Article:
In proposed updates to its guidance for distance-selling pharmacies, published today (June 26), the regulator listed four medicines categories (see below) that it believes “may not be suitable to be prescribed and supplied online, unless further action is taken to make sure they are clinically appropriate for the patient”.
It also called on online pharmacy owners to “make appropriate checks”, such as the identity of the patient, and to “identify possible risks to patients”, such as spotting “multiple orders to the same address”.
If a pharmacy contractor is working with a prescribing service outside the UK, the GPhC said it would “expect the owner to make sure patients are provided with clear information about these arrangements”.
“This would include the indemnity and regulatory arrangements that apply to those prescribers, especially if they are not regulated by a healthcare regulator in the UK.”
The GPhC also wants to “explore whether it is appropriate for pharmacy websites to be arranged in such a way that a patient can choose a prescription-only medicine, and its quantity, before having a consultation with a prescriber, and what the risks and benefits are”.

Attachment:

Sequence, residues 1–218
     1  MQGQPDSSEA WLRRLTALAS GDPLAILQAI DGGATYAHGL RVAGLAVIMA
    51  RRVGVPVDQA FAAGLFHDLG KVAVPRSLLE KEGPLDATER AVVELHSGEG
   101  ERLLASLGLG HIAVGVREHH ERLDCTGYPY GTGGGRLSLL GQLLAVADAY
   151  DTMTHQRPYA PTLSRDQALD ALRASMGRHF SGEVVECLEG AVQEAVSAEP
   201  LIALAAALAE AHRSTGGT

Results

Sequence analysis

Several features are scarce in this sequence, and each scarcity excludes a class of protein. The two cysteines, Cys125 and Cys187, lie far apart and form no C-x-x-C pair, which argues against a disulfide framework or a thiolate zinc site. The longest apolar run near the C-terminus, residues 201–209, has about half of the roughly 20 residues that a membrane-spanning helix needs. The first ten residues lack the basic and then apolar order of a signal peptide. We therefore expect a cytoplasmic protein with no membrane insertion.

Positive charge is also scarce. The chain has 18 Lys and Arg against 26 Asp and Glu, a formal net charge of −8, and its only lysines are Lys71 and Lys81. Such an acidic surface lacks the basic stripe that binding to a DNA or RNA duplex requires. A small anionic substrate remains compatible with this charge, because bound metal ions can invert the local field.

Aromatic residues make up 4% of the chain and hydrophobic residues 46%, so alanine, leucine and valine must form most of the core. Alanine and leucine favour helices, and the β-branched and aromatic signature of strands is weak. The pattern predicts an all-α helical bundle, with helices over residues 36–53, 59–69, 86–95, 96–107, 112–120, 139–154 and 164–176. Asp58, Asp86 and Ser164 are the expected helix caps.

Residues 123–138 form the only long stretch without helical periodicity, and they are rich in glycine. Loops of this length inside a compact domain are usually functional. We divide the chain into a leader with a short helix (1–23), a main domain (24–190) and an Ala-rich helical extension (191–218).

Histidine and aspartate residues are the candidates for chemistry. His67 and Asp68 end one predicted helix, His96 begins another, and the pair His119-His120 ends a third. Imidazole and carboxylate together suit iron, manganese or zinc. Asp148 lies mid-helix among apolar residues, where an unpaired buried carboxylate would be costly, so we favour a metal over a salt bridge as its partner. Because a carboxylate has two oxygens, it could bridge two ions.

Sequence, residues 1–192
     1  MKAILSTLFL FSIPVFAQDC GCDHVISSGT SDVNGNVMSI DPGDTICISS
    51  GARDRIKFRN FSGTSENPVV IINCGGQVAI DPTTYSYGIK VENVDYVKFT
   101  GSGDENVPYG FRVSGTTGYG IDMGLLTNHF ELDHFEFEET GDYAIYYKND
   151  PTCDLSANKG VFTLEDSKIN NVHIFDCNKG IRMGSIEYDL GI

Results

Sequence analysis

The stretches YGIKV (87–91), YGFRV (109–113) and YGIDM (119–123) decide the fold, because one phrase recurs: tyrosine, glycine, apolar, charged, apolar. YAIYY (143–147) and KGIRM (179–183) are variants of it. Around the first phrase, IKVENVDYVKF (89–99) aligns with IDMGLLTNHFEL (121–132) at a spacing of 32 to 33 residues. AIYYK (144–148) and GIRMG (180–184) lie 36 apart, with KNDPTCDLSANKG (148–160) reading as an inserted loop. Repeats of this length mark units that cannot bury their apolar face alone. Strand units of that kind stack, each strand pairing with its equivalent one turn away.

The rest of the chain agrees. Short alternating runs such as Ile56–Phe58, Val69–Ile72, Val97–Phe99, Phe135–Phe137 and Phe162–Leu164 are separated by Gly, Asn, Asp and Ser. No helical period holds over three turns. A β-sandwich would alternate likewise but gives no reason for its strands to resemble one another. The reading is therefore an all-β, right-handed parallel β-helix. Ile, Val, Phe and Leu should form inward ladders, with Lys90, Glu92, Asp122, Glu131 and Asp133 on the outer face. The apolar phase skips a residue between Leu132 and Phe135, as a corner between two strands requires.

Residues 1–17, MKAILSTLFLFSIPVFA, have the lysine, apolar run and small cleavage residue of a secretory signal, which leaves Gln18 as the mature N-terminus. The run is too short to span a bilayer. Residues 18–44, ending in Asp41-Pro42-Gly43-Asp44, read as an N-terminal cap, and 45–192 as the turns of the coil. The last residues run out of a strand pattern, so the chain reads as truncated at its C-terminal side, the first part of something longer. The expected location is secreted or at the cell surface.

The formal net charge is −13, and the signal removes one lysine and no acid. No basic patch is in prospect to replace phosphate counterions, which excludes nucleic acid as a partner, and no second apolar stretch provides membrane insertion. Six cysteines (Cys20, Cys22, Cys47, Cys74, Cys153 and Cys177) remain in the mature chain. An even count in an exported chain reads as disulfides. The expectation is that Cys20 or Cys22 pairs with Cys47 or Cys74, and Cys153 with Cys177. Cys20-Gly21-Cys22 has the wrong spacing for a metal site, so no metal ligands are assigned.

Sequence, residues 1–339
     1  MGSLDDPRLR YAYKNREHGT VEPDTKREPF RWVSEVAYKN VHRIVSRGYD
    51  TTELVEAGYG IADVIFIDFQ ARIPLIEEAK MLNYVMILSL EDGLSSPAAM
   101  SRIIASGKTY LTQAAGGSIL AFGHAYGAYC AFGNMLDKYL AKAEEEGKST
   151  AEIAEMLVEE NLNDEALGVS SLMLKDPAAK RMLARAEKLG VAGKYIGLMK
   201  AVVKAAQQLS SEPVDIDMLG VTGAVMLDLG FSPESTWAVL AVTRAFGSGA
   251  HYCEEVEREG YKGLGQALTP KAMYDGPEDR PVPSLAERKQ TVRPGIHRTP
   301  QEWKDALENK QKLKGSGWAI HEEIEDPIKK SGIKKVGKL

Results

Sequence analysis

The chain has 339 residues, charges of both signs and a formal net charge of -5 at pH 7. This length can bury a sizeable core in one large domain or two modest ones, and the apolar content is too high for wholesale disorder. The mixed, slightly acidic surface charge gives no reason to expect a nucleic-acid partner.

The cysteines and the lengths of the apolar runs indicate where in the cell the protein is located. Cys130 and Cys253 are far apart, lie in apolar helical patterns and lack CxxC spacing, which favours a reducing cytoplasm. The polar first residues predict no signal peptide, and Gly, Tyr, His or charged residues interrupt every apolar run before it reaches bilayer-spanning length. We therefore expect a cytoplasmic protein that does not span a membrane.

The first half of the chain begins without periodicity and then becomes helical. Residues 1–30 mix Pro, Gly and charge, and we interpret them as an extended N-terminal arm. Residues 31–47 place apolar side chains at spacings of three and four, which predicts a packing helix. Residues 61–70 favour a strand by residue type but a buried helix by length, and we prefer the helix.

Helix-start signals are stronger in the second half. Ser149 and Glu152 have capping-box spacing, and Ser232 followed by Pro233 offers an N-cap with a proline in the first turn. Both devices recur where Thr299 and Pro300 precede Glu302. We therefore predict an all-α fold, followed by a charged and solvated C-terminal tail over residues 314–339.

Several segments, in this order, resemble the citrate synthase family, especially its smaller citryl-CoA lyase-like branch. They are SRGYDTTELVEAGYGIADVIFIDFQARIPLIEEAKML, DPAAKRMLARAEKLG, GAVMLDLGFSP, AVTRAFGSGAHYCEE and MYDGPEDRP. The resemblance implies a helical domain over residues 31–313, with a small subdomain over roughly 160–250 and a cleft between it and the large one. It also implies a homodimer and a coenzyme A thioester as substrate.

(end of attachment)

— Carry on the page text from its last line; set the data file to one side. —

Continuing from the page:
Concerns over easy online access to medicines
Explaining its rationale for the new guidance, the regulator said it is “concerned that it can sometimes be too easy to obtain certain medicines on the internet”.
“Advances in technology and the development of new service models have brought opportunities to deliver pharmacy services and other healthcare services in new ways,” it said. “But providing pharmacy services at a distance, especially online, carries particular risks which need to be successfully managed.”
“We are aware of situations where patients have been put at risk because of the inappropriate sale and supply of medicines on the internet,” it added. “This includes concerns raised with us and through our work with other regulators.”
In March, C+D spent a week exploring the world of online pharmacies. Read all the coverage here.